In Japanese, there are two kinds of adjectives: い (i) and な (na) adjectives. What's the difference? Like る and う verbs, い-adjectives end in い. な-adjectives are different though, they end in な, but only when they modify a noun.
Take for example the adjective げんき (genki = lively, energetic). By itself, it is an adjective. However, if you modify a noun, な is added at the end of げんき.
げんきながくせい (genkina gakusei) = energetic student
Some example of な adjectives are: すき (suki = likeness), だいすき (daisuki = loveable), しずか (shizuka = quiet), ハンソム (hansomu = handsome), ひま (hima = not busy; free)
い-adjectives are simple in the way that they always end in い even when they modify a noun. Let's use the adjective おもしろい (omoshiroi = interesting).
おもしろいがくせい (omoshiroi gakusei) = interesting student
As you can see, い is still used at the end of the adjective and there is no further need to change it. Some examples of い-adjectives are: ちいさい (chiisai = small), あつい (atsui = hot), たのしい (tanoshii = fun), かわいい (kawaii = cute), むずかしい (muzukashii = difficult)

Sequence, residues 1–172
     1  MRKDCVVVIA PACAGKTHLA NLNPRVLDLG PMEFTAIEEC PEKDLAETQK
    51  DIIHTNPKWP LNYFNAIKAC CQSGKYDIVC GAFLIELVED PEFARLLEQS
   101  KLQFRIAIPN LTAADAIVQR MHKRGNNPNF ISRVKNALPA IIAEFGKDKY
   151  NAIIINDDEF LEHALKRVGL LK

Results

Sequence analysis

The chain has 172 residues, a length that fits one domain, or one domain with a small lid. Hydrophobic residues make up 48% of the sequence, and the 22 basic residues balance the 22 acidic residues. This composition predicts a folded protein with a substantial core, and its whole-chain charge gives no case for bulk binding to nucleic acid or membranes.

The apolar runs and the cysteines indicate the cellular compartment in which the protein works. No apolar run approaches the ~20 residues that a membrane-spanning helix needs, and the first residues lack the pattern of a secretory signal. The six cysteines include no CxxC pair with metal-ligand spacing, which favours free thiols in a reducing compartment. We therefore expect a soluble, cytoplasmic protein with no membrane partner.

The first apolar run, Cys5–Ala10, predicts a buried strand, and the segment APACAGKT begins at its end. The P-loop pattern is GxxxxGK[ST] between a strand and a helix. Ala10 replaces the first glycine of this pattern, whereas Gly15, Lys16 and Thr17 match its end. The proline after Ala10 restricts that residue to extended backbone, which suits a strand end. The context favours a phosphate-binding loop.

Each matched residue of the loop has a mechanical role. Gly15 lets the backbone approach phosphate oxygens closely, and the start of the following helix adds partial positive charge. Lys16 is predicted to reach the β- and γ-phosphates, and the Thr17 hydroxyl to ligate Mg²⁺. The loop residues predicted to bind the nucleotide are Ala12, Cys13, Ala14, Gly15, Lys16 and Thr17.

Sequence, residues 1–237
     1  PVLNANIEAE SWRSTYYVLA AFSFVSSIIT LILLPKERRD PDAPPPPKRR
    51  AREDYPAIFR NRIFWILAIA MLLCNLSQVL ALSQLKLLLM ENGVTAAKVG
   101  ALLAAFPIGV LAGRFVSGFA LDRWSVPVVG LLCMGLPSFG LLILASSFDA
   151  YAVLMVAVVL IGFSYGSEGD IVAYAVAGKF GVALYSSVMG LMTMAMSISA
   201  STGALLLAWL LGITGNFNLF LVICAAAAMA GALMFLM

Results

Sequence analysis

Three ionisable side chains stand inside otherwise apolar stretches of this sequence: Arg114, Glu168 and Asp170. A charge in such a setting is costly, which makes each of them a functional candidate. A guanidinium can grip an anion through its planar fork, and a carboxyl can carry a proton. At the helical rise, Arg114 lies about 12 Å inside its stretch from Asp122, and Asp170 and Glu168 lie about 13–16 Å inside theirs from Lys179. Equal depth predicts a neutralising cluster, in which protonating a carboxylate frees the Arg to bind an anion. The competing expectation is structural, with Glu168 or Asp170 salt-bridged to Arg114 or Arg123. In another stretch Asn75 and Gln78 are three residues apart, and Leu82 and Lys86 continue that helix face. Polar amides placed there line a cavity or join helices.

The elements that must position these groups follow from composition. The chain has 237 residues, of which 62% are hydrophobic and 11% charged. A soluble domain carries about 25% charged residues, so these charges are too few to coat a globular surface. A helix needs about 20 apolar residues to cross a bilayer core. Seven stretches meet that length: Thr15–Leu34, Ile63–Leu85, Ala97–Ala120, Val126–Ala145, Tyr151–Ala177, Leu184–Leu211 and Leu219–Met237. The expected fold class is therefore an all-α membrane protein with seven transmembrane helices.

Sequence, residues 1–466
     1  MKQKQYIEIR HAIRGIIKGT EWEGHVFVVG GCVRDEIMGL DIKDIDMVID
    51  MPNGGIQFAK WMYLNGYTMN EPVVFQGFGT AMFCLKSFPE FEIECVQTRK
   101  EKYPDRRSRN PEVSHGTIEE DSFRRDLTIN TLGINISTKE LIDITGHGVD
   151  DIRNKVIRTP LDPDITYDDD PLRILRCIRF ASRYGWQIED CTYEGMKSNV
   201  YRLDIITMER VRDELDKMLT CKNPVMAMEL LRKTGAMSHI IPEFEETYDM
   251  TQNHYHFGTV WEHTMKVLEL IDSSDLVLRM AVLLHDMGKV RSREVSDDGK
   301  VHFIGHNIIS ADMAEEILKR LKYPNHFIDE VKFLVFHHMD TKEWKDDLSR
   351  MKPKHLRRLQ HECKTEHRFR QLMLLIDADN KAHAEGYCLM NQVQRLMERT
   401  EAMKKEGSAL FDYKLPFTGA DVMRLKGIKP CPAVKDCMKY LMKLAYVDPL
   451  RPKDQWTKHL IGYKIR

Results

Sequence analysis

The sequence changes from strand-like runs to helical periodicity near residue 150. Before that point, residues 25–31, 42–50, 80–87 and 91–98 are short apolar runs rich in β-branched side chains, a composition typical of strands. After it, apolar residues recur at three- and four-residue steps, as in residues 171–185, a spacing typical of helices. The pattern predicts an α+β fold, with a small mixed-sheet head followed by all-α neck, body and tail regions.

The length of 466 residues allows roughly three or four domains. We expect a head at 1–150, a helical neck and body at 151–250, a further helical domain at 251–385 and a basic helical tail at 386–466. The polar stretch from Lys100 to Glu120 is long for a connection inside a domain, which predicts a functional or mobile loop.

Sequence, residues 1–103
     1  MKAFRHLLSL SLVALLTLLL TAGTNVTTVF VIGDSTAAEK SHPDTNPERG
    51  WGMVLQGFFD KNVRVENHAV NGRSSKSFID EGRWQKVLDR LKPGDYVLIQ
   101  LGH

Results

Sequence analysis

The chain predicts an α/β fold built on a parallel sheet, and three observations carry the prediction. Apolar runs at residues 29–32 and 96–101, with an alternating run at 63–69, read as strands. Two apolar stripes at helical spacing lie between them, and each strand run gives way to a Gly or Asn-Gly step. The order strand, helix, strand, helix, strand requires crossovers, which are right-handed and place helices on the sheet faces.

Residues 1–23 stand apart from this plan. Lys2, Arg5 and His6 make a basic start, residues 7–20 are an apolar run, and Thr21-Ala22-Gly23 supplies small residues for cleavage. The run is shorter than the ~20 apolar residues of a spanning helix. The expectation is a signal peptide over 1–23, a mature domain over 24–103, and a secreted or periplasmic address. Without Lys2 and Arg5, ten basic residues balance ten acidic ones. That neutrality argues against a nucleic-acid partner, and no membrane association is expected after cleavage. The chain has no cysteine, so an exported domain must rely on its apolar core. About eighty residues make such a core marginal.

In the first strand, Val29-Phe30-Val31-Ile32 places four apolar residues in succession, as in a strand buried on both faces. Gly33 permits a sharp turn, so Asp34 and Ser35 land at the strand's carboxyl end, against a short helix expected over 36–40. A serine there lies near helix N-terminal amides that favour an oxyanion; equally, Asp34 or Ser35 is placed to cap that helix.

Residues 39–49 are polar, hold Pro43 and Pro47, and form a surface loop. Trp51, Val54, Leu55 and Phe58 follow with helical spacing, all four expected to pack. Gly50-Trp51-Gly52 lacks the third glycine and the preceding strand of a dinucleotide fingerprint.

Like always though, there are strange exceptions. Some adjectives can be used for both, like おおきい (ookii = big). おおきい is an い-adjective, as it ends in い. However, it can also use なwhen it modifies nouns, in which case it would be おきな (okina). The meaning is still the same and both forms of usage are considered correct.
おおきいがくせい (ookii gakusei) = おきながくせい (okiina gakusei) = big student
Now that you know about adjectives, hopefully you'll be able to identify them when you hear them! You've probably heard many Japanese adjectives before, but if you haven't, you can now recognize most words if they are い- or な-adjectives.
Be careful though! Some adjectives that end in い are in fact な adjectives! For example, きらい (kirai = dislike) ends in い, but is a な adjective, and is きらいな when it modifies nouns. This was a small, but fatal mistake that almost got me into a lot of trouble in Japanese class. Take it from me and make sure you know which adjectives are い- or な-adjectives!